And while each film makes use of a range of subjects — from mystical beings emerging from a New Mexican landscape (Matthew Aucoin’s “Gallup”) to a reflective setting for a Paul Laurence Dunbar poem (Tyshawn Sorey’s “Death”) to a lush paradise representing the Garden of Eden (Ayanna Witter-Johnson’s “Brown Sounds”) — the theme of extreme isolation is inexorably captured in the black-and-white surreal dreaminess and claustrophobia found in “Between the Rooms.”

Reached by phone from his home in London, the Denmark-born Brandstrup said that Clyne talked to him about doing a film based on Dickinson’s poetry. As he’d studied film at the University of Copenhagen and choreography at the London School of Contemporary Dance, where he forged a narrative style more akin to his cinematic training than to classical story ballet or the kineticism of contemporary dance, the director welcomed the opportunity to make a piece for LA Opera.

Kim Brandstrup
Kim Brandstrup

“It was very interesting,” recalled Brandstrup, whose commissioned works for numerous companies include The Royal Ballet and Les Grands Ballets Canadiens, “because when [Royal Ballet director] Monica Mason had her last season in 2012, I did a piece with [resident choreographer] Wayne McGregor, and I had just heard Anna’s piece Within Her Arms. It was a beautiful [elegy] for her mother.

“We were keen to get her,” Brandstrup continued, “but she couldn’t do it. She and I kept in contact over the years, and when she called me during lockdown, it was the perfect situation. And since we both have been very fond of Emily Dickinson, the idea felt completely natural.”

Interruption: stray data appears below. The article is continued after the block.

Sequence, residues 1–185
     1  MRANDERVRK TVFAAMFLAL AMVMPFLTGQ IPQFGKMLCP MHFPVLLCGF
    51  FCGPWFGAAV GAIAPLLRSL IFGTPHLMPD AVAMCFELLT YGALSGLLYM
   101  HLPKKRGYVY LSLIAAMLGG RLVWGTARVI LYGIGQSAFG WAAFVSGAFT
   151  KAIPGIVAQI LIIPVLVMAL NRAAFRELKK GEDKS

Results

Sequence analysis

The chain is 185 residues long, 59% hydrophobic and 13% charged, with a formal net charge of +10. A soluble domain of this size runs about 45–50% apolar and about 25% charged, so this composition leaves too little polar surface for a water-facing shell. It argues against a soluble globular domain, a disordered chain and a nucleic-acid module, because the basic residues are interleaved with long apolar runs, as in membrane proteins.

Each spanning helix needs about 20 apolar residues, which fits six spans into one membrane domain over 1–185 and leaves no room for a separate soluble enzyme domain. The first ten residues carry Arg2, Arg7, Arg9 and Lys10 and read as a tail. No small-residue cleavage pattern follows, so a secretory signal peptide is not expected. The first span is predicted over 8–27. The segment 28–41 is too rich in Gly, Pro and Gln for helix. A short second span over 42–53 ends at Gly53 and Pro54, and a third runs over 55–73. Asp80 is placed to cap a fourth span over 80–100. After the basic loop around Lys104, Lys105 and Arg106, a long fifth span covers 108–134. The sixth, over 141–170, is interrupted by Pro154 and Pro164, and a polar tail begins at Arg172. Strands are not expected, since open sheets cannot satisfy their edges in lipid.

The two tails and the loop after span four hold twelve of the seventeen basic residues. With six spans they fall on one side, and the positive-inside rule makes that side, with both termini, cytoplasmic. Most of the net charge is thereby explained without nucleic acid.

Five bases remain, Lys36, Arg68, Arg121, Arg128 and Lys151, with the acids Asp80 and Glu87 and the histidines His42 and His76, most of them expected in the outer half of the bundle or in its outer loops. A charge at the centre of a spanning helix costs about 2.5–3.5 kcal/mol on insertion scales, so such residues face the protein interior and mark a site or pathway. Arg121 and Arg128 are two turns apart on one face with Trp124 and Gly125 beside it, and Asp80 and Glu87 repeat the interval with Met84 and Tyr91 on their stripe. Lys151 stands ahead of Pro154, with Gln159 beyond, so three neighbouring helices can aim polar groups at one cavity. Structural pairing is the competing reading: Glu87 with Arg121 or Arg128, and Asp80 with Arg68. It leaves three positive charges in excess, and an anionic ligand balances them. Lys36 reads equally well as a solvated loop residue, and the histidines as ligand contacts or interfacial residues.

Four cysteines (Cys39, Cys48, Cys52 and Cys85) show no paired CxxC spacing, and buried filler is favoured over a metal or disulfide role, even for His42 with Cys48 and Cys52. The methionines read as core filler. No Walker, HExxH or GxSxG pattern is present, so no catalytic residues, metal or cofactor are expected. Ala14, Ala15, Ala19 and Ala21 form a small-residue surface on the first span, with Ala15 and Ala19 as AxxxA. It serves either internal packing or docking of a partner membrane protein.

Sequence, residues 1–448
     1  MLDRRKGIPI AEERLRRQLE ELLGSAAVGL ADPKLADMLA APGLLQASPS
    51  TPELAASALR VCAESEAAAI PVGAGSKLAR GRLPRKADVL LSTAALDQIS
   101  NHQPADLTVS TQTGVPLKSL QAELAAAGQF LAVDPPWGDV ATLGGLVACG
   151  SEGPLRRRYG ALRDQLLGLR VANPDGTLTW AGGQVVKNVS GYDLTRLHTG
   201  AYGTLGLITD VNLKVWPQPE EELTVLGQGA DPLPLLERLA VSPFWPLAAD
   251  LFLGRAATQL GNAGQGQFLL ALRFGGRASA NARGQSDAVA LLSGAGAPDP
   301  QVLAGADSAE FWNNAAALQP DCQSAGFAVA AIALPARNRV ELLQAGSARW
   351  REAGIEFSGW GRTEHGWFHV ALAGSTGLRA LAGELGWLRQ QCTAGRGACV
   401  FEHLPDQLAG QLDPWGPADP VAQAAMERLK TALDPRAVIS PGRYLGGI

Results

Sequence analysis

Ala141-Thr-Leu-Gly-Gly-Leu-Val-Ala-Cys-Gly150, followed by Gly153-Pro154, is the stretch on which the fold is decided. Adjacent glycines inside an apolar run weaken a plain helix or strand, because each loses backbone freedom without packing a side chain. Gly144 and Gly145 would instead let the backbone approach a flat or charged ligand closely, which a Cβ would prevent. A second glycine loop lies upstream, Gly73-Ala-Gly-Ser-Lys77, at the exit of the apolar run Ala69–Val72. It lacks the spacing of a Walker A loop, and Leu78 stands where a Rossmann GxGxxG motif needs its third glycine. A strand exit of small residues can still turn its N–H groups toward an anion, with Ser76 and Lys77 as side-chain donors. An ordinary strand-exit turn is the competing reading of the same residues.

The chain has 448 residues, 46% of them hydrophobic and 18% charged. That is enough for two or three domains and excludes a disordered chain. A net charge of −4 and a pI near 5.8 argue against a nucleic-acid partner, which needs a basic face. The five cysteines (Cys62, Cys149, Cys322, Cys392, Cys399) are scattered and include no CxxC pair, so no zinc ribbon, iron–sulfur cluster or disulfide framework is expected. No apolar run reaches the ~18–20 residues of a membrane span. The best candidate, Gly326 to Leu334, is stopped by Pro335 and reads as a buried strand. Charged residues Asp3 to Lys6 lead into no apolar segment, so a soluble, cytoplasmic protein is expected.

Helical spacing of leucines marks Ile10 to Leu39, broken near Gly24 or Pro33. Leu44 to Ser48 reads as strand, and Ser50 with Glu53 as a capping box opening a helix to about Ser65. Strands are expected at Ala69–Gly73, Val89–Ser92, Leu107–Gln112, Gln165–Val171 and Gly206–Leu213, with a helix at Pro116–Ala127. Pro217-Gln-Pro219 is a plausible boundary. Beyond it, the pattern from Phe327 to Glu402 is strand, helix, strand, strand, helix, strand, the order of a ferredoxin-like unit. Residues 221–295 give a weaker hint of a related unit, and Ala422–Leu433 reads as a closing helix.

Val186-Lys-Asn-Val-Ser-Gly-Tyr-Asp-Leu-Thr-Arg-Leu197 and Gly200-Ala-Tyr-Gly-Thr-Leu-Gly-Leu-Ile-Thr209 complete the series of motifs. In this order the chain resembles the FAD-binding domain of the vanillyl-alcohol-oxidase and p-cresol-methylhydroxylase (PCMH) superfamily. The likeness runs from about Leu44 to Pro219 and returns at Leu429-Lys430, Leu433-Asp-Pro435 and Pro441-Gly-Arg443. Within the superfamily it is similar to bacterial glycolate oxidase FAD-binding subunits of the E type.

The trio of Dickinson poems — “I Heard a Fly buzz — when I died,” “I cannot live with You,” and “I died for Beauty — but was scarce,” with fragments from her envelope poems — proved the perfect way to deal with themes of solitude and creativity that resonated with the pandemic-enforced isolation. Dickinson, after all, had spent the last 15 years of her life in one room, writing poetry in complete seclusion.

Brandstrup said that once they’d chosen the poems, Clyne then wrote the music. The score for soprano Joelle Harvey and Brooklyn-based orchestra The Knights, conducted by its artistic director, Eric Jacobsen, features music suffused with melodic fragments and hymn-like statements. To depict the score visually, Brandstrup immediately knew that he wanted Cojocaru, whom he first worked with at The Royal Ballet in 2004 and again in the 2020 film Kiev. The latter, a love letter to Cojocaru’s teachers and set to the Arvo Pärt’s 1976 piece Für Alina, was filmed in the Ukrainian city, where the ballerina studied before joining the Royal.

Explained Brandstrup: “Because Alina would try things and do something full out, I could model and shape the work from how she did it. That felt rare.”

Cojocaru’s artistry is evident throughout “Between the Rooms.” Her face, a study in melancholy, is accentuated by an intense stare that follows a fly’s movements, while her enigmatic countenance reveals a woman living in her own universe, albeit one trying to make sense of the situation. Cojocaru then spots Ball, the camera closing in on his face, further heightening the oppressive nature of the film — what most of us also felt during lockdown.

The performers’ full bodies are rarely shown, with Stephen Standen’s dancerly cinematography capturing the crushing loneliness of the situation. But as the music becomes more agitated, the duo has a brief moment of liberation as Ball lifts Cojocaru overhead before the fly once again makes an entrance to the throbbing, insistent strings of Clyne’s score.